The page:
node package manager

prepublish

Prepublish
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Prepublish is a solution for simplifying pre-publishing typical JavaScript projects for publishing to NPM.

Transpilers

Prepublish includes two transpiler configurations:

  • Buble: Blazing fast ES2015+ transpiler where the goal is to have lightweight runtime code, too.
  • Babel: Configuration of Babel transpiler. Supports all of ES2015/ES2016/ES2017. Plus some ES3 helpers for maximum engine compatibility. Plus Support for Object-Rest-Spread and Class Properties. The High-performance async engine with support for generators and async/await powered by fast-async is enabled by default. It requires nodent-runtime. Uses Transform-Runtime to externalize requirements to Polyfills. Resulting code needs all Polyfills for each library published with this tool. Typically by using services like polyfill.io or Babel Runtime aka CoreJS.

Output Targets

Prepublish produces exports of your sources depending on the entries of your packages package.json. It supports building for CommonJS and well as with ES Modules (ESM). Just add the relevant entries to the configuration.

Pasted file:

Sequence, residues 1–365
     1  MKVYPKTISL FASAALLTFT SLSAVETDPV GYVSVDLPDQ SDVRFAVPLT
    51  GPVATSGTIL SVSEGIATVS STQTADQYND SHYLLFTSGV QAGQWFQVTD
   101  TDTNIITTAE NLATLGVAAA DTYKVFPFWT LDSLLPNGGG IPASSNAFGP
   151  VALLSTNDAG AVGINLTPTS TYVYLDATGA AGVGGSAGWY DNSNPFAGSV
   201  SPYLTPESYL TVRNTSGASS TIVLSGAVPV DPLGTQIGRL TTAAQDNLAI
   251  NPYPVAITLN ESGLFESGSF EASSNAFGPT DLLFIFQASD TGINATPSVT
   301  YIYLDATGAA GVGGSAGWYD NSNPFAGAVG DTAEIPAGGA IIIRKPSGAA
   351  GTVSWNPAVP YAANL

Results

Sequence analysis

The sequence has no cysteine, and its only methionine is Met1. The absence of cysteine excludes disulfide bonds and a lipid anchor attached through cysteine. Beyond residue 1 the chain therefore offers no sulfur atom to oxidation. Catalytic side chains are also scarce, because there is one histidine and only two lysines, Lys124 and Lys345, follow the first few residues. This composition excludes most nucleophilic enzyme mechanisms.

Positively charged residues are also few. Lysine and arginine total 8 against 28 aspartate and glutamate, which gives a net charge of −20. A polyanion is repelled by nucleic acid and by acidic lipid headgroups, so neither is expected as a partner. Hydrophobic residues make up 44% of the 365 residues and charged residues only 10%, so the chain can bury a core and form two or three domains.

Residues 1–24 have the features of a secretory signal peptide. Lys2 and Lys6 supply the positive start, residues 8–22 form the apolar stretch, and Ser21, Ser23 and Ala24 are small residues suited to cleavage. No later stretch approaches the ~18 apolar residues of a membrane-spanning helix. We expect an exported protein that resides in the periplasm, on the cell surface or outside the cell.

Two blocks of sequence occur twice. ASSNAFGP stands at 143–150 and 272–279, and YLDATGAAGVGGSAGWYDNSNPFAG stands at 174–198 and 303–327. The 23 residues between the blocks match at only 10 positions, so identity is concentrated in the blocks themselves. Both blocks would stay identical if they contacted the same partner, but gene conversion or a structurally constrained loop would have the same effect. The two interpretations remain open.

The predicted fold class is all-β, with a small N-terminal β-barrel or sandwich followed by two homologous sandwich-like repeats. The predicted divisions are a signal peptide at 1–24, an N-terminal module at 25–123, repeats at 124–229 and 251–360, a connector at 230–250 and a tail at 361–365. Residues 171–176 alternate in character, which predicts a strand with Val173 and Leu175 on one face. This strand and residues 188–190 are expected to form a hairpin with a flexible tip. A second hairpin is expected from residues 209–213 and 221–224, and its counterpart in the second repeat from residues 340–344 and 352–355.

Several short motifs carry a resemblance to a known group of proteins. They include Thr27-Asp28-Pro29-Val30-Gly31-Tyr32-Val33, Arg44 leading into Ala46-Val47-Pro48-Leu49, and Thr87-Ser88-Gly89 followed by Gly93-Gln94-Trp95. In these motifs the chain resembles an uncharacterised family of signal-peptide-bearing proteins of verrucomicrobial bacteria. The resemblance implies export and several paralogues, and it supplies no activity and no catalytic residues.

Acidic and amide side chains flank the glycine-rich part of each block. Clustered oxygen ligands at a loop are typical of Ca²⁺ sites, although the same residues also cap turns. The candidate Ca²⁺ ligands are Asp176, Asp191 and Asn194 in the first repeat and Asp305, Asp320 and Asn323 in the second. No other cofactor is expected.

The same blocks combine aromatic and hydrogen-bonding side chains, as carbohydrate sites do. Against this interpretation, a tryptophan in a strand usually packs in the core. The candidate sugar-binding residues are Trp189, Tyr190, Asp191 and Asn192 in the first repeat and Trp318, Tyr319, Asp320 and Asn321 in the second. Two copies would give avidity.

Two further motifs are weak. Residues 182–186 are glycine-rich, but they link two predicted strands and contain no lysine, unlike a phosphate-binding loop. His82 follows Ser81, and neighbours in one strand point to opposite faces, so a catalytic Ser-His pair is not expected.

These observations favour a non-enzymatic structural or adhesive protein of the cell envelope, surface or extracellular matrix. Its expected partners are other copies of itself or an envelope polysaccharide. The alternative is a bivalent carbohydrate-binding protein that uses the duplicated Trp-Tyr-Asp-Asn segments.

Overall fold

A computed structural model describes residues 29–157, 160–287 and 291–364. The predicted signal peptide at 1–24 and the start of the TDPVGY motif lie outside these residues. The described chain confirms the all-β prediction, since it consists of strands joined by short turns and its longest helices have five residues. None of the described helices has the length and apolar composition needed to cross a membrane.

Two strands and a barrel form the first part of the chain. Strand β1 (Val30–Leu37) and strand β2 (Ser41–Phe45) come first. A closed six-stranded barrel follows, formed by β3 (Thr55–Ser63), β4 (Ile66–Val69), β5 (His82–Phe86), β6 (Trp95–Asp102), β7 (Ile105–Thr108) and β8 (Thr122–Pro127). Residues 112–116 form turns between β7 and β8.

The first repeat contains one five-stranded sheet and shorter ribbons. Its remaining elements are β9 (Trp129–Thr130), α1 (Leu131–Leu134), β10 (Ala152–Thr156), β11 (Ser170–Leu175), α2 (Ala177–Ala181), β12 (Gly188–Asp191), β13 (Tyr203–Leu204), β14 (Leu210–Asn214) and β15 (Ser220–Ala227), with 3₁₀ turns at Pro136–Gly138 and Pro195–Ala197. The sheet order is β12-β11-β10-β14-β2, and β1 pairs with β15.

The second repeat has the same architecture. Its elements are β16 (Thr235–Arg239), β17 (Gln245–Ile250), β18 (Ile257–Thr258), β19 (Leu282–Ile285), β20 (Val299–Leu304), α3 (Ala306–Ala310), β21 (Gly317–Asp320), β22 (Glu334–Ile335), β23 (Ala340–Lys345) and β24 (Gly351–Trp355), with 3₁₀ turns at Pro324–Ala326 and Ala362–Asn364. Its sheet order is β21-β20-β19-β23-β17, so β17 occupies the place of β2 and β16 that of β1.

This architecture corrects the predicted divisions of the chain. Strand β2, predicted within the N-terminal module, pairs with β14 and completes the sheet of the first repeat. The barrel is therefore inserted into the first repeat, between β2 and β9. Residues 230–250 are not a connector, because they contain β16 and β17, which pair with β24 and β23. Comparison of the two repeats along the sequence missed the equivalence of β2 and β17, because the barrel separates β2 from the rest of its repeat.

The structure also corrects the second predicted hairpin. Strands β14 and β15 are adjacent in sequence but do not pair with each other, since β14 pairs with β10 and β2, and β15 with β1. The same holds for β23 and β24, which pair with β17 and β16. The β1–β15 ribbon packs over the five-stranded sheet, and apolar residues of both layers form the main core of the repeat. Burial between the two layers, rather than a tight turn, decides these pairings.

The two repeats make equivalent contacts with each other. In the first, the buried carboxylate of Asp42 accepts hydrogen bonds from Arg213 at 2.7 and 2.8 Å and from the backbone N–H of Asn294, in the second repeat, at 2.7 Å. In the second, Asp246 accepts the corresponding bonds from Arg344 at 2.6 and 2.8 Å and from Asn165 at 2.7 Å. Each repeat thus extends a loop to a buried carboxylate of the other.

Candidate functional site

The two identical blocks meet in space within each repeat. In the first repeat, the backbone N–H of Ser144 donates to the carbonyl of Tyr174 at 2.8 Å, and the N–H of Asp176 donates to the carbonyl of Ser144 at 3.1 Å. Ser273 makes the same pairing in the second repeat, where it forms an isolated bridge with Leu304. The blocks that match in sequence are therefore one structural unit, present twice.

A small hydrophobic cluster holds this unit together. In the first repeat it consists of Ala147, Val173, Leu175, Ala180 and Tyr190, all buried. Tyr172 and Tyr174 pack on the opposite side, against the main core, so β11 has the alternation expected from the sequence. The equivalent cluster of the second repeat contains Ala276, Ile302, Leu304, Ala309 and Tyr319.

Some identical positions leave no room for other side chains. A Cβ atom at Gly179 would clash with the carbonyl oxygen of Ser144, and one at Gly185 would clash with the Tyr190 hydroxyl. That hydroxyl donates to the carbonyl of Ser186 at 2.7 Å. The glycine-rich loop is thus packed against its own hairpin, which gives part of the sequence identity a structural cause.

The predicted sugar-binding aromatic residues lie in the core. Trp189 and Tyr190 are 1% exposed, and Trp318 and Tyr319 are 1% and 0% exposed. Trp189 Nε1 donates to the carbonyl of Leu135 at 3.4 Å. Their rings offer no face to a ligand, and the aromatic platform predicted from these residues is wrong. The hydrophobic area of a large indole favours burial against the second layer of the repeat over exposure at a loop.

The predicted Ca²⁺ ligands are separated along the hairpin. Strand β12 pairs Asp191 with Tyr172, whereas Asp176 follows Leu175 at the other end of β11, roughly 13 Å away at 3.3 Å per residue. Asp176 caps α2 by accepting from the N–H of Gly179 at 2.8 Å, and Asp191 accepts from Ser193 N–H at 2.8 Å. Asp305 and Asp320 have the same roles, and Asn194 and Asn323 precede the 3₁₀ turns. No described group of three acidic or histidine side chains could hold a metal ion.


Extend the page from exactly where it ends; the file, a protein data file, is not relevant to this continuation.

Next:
• CommonJS Output: main
  • ES Module Output: module

Basic Example:

{
  "name": "mypackage",
  "main": "lib/main-cjs.js",
  "module": "lib/main-esm.js"
}

To offer separate NodeJS and Browser builds use one of the following keys for the browser bundle: browser or web. These bundles are always exported as ES Modules (ESM) as we have the assumption that they are bundled by another tool like Webpack or Rollup before usage.

Example:

{
  "name": "mypackage",
  "main": "lib/main-cjs.js",
  "module": "lib/main-esm.js",
  "browser": "lib/main-browser.js"
}

Input Entries

You might wonder how to produce a browser bundle from a different input. This is actually pretty easy. Your package just have to follow this convention.

The files are looked up for an order. The first match is being used.

Entries for NodeJS targets

  • src/node/public.js
  • src/node/export.js
  • src/node.js
  • src/server/public.js
  • src/server/export.js
  • src/server.js
  • src/server.js
  • src/public.js
  • src/export.js
  • src/index.js

Sources for the Browser targets

  • src/web/public.js
  • src/web/export.js
  • src/web.js
  • src/browser/public.js
  • src/browser/export.js
  • src/browser.js
  • src/client/public.js
  • src/client/export.js
  • src/client.js

Sources for binary targets

  • src/binary.js
  • src/script.js

Targetting ES2015

You are able to export modules for either ES5 compatible environments or for more modern platforms, too.

Note: To use these non-standard bundle outputs requires some tweaks on the bundling phase of the application, too (e.g. in Webpack). This is because we are using non-standardized configuration keys in package.json. Typically just append either :es2015 or :modern to your normal targets:

  • CommonJS Output for NodeJS with ES2015 kept intact: main:es2015
  • ES Modules Output for NodeJS with ES2015 kept intact: module:es2015
  • Browser Output as ES Modules with ES2015 kept intact: browser:es2015